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dc.contributor.authorCastagno, Katherine  Concept link
dc.contributor.authorJiménez-Robles, Alfonso M.  Concept link
dc.contributor.authorDonnelly, Jeffrey P.  Concept link
dc.contributor.authorWiberg, Patricia L.  Concept link
dc.contributor.authorFenster, Michael S.  Concept link
dc.contributor.authorFagherazzi, Sergio  Concept link
dc.date.accessioned2018-07-12T18:50:33Z
dc.date.available2018-11-21T09:56:36Z
dc.date.issued2018-06-05
dc.identifier.citationGeophysical Research Letters 45 (2018): 5491-5500en_US
dc.identifier.urihttps://hdl.handle.net/1912/10469
dc.descriptionAuthor Posting. © American Geophysical Union, 2018. This article is posted here by permission of [publisher] for personal use, not for redistribution. The definitive version was published in Geophysical Research Letters 45 (2018): 5491-5500, doi:10.1029/2018GL078208.en_US
dc.description.abstractCoastal bays and, specifically, back‐barrier tidal basins host productive ecosystems, coastal communities, and critical infrastructure. As sea level continues to rise and tropical cyclones increase in intensity, these coastal systems are increasingly at risk. Developing a sediment budget is imperative to understanding how storm events affect the system's resilience, where net import of sediment indicates growth and resilience against sea level rise, and net export of sediment indicates deterioration. Using high‐resolution numerical simulations, we show that intense storms import sediment into a system of bays in Virginia, USA. Duration and magnitude of storm surge are among the most important factors in sediment import, suggesting that intense storms increase the stability of tidal bays by providing the sediment necessary to counteract sea level rise. Since climate models project that tropical cyclones will increase in intensity in coming decades, our results have significant implications for the resilience of tidal bays and the future of coastal communities worldwide.en_US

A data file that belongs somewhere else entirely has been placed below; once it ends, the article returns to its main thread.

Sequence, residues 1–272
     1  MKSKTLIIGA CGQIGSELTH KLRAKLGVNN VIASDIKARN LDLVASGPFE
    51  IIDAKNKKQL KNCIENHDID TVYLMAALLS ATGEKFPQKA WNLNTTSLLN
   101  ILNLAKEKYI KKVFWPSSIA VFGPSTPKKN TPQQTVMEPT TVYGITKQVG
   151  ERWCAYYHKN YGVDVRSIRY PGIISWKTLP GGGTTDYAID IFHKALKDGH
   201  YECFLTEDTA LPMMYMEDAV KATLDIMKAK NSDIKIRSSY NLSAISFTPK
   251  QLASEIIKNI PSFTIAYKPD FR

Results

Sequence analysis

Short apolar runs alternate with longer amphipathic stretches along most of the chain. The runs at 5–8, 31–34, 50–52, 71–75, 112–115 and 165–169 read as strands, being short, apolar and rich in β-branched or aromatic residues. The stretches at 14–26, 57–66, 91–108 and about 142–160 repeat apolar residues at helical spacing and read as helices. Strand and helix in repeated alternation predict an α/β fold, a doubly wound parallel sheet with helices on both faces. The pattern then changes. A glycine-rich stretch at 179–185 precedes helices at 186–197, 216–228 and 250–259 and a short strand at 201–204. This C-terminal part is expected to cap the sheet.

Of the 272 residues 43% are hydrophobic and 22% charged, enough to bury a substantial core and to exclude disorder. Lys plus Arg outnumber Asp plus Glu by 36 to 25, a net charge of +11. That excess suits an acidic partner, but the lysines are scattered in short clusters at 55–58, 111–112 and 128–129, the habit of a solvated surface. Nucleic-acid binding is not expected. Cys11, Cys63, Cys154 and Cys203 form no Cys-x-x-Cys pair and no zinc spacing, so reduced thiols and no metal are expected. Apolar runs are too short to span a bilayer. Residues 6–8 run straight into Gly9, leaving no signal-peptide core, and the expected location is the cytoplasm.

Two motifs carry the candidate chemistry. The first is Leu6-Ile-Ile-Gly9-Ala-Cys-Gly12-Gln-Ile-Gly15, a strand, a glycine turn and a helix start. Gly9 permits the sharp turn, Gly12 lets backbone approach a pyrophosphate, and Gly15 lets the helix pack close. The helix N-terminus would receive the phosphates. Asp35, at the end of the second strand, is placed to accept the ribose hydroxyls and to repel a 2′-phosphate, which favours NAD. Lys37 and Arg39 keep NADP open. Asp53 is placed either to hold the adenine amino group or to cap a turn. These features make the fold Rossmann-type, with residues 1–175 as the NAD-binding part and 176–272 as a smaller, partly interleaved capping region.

dc.description.sponsorshipNational Science Foundation Grant Numbers: NSF 1237733, NSF 1637630, NSF 163630en_US
dc.language.isoen_USen_US
dc.publisherJohn Wiley & Sonsen_US
dc.relation.urihttps://doi.org/10.1029/2018GL078208
dc.titleIntense storms increase the stability of tidal baysen_US
dc.typeArticleen_US
dc.description.embargo2018-11-21en_US
dc.identifier.doi10.1029/2018GL078208


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